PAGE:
(Secrets of Heaven 5173.2)
God blessed them, and God said to them, “Be fruitful and multiply, and fill the earth and subdue it, and have dominion over the fish of the sea and over the birds of the air and over every living thing that moves upon the earth.” - Genesis 1:28
From everyone to whom much has been given, much will be required. - Luke 12:48
Environmentalists wince at the first of these texts. This is surely understandable, given the negative connotations of the words “dominion” and “subdue,” but wincing does not make facts go away. The fact is that we are far and away the dominant species on Earth. We do “have dominion over the fish of the sea and over the birds of the air and over every living thing that moves upon the earth.” In fact, environmentalists recognize this just as much as strip miners do. They do not blame spotted owls for their decline in numbers or organize polar bears to fight global warming. They hold human beings responsible, and the main theological justification for doing so is to be found in that controversial verse from Genesis. Like it or not, we have been given dominion.
The actual extent to which we do “have dominion” is currently under debate, though, particularly in the matter of climate change. For most of human history, we really made only slight impressions on our environment, but that started to change with the Industrial Revolution. William Blake’s passionate poem “Jerusalem” contrasts England’s “mountains green” and “pleasant pastures” with the “dark satanic mills” of his own time, the eighteenth century, and we seem to be not only continuing in the same direction but picking up speed.
Some of the effects of this are fairly short-term and obvious. Air pollution has immediate effects on our respiratory systems, for example, and when the trash collectors go on strike, citizens sit up and take notice within hours or even minutes. It does seem, though, that we are constantly playing catch up; and this too is understandable. The eminent Swedenborgian John Bigelow wrote a little book entitled Resist Beginnings: The Blinding Influences of Sin, to call attention to the insidious ways in which little concessions to our principles can grow into major ones—the “slippery slope” of ethicists. We can be marvelously inventive when it comes to ignoring problems in their early stages. The first house Lois and I owned had a linen closet on the second floor. When we went to pull out the bottom drawer we discovered that it was only a drawer front, and we found out where the previous owners had been sweeping all the dirt. Multiply that by a whole city and you have a major problem.
Sooner or later, that is, the consequences of evading responsibility have to be faced. The bills have to be paid, so to speak; and for some problems the bills do come due quite emphatically. For example, in 1969 the Cuyahoga River in Cleveland caught fire. That was a wake-up call not only to Cleveland but to every community that had a polluted river flowing through it. You can’t keep on in this direction. You have to stop. More than that, you’ve gone too far already. You have to turn around and move in the other direction.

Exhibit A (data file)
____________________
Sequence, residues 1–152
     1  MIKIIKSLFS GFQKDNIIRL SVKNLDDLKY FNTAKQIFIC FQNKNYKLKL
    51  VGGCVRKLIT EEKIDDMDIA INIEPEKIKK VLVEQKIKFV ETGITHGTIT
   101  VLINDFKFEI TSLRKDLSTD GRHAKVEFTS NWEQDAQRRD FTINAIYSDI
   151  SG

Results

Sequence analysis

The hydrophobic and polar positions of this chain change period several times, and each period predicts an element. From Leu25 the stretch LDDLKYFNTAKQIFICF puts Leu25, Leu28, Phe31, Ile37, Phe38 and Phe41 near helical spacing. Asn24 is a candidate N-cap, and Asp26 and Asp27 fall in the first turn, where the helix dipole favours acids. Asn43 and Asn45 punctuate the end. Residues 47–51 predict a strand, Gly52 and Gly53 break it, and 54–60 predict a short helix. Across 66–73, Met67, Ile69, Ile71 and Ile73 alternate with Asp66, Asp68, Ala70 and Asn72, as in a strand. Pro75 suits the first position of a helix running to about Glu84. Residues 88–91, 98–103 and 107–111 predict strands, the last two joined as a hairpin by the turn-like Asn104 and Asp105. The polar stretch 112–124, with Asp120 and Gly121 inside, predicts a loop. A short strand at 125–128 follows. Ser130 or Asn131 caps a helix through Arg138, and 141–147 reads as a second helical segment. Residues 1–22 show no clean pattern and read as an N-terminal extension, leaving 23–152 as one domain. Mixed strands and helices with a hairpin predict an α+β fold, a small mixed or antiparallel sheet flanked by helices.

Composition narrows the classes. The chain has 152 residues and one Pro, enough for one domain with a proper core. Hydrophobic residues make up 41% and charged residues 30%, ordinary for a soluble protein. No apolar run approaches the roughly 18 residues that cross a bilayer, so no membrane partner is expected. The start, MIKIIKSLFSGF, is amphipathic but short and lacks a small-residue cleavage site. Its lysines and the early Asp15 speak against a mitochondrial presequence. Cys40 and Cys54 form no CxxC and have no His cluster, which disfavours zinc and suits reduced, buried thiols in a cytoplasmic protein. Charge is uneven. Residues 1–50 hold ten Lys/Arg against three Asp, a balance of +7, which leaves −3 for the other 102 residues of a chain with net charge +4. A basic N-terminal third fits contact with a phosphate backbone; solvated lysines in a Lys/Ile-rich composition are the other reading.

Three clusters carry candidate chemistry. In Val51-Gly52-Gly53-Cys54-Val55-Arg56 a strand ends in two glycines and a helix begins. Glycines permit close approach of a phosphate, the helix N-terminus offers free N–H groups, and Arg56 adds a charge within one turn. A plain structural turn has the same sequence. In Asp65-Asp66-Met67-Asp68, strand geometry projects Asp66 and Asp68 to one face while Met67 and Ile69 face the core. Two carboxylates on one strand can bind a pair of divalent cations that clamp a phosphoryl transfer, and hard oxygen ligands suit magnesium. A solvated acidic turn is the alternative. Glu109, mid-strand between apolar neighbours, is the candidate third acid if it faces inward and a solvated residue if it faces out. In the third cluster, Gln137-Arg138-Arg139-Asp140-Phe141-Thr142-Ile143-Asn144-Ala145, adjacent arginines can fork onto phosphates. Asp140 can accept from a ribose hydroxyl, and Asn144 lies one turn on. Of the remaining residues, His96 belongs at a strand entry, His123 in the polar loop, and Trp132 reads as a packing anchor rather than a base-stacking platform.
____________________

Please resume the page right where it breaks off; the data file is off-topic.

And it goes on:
Granted, it is hard to determine exactly what our own part is in a process as long-term as fundamental climate change, but if anything, that very uncertainty calls us to come to grips with the second of our texts. Yes, we have been given dominion, a dominion that seems to be increasing at an accelerating pace. It is an immense gift and—not “but,” AND—”From everyone to whom much has been given, much will be required.” When it says in the second chapter that the primal couple was put in the garden “to till it and keep it,” the connotations of the Hebrew words are striking. The verb translated “till” also means “work,” “work for,” and “serve,” and a closely related noun is the standard word for a servant. The verb translated “keep” might better be translated “watch over,” “preserve,” or “protect.” It is the word used six times to describe the Lord in Psalm 121: “The one who keeps you will not slumber; the one who keeps Israel will neither slumber nor sleep. The Lord is your keeper, the Lord is your shade on your right hand . . . The Lord will keep you from all evil; he will keep your soul. The Lord will keep your going out and your coming in from this time forth and forevermore” (Psalm 121:4-8).
If the omnipotent Lord is indeed our “keeper,” then there is no inconsistency whatever between “taking care of” and “having dominion,” no more than there is in the honored phrase “public servant.” We cannot take care of a garden unless we have the means to do so. The sequence in Genesis seems to be telling us that the Lord does not first tell us what to do and then give us the means but first gives us the means and then tells us how to use them.
The late Viktor Frankl, whose book Man’s Search for Meaning tells of profound meaning found in three years spent in Nazi death camps, was fond of saying that there should be a “Statue of Responsibility” on the West Coast to balance the Statue of Liberty on the East. It is surely a point well taken. Liberty and irresponsibility are a deadly duo. In a letter to Bishop Mandell Creighton in 1887, Lord Acton wrote, “Power tends to corrupt, and absolute power corrupts absolutely,” adding also, “Great men are almost always bad men.”